In Stockholm, when I first discussed the project with Per Martin-Löf, he said that he had designed type theory for mathematics, and than natural language is something else. I said that similar work had been done within predicate calculus, which is just a part of type theory, to which he replied that he found it equally problematic. But his general attitude was far from discouraging: it was more that he was so serious about natural language and saw the problems of my enterprise more clearly than I, who had already assumed the point of view of logical semantics. His criticism was penetrating but patient, and he was generous in telling me about his own ideas. So we gradually developed a view that satisfied both of us, that formal grammar begins with what is well understood formally, and then tries to see how this formal structure is manifested in natural language, instead of starting with natural language in all it unlimitedness and trying to force it into some given formalism.

Posted at 10:44 AM UTC | Permalink | Followups (18)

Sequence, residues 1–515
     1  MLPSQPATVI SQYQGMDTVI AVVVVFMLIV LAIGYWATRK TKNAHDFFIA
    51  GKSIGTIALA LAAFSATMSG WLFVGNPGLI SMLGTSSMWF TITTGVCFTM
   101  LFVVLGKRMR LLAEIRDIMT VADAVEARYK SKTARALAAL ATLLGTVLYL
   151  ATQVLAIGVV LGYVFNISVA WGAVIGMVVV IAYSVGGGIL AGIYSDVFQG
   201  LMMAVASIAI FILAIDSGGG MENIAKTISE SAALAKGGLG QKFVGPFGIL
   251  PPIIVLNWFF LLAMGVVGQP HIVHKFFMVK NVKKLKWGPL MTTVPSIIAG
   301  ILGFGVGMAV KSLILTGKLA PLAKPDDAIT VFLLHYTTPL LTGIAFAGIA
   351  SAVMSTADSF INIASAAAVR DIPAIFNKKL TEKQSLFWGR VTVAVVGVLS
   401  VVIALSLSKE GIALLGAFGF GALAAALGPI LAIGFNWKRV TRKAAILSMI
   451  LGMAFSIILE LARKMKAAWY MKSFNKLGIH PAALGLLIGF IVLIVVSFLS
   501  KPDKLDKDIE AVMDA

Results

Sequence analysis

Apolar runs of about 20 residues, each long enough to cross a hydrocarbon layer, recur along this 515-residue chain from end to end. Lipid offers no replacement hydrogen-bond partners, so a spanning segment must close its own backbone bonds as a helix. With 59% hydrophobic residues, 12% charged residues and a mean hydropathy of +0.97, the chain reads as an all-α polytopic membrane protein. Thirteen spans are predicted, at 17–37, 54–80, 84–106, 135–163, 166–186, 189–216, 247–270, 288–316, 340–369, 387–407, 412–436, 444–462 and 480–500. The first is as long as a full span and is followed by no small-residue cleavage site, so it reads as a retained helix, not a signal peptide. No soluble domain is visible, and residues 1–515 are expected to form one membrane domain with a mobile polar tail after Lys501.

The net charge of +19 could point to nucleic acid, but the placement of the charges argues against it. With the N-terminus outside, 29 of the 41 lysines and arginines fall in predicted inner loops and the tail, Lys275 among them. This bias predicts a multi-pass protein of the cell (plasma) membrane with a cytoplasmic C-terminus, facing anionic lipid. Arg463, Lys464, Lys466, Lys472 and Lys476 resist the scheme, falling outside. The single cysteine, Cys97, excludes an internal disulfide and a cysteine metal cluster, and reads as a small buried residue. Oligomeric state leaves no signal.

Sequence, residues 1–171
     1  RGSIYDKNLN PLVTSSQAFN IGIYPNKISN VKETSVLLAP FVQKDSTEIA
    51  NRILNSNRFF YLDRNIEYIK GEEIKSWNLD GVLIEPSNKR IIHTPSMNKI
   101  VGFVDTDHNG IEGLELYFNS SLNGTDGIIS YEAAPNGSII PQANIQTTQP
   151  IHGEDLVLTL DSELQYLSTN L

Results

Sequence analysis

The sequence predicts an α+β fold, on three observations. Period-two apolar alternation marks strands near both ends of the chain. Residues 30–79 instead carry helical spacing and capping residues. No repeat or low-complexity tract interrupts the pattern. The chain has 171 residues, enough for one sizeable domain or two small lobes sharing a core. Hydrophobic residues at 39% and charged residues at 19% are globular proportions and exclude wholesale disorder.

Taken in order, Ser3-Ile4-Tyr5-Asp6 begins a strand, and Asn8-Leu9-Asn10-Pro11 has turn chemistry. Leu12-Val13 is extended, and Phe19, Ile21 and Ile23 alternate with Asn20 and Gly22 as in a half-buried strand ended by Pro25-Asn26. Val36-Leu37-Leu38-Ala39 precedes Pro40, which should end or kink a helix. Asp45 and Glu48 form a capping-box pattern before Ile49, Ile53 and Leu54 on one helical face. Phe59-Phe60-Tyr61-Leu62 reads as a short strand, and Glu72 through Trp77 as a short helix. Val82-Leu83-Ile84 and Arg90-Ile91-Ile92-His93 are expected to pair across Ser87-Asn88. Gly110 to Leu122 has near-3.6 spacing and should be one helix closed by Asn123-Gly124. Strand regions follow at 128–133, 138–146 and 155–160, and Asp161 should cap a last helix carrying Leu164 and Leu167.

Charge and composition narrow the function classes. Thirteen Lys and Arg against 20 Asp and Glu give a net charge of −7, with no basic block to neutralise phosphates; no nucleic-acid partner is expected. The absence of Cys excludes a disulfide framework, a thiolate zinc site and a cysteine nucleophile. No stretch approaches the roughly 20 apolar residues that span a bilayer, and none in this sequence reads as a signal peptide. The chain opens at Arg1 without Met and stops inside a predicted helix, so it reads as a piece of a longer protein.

February 6, 2020

Modal Homotopy Type Theory - The Book

Posted by David Corfield

My book Modal Homotopy Type Theory appears today with Oxford University Press.

As the subtitle – ‘The prospect of a new logic for philosophy’ – suggests, I’m looking to persuade readers that the kinds of things philosophers look to do with the predicate calculus, set theory and modal logic are better achieved by modal homotopy (dependent) type theory.

Since dependent type theories are thoroughly interrelated with category theory, in a sense then, all these years later, I’m still trying to get philosophers interested in the latter. But this book marks a shift in strategy in making the case not only for the philosophy of mathematics, but also for metaphysics and the philosophy of language.

The book explains in order: Why types? Why dependent types? Why homotopy types? Why modal types? I’ll discuss some such issues in forthcoming posts.

Posted at 10:33 AM UTC | Permalink | Followups (10)

EGA1: The Language of Schemes

Posted by John Baez

Tim Hosgood, Ryan Keleti and others have finished an English translation of this classic: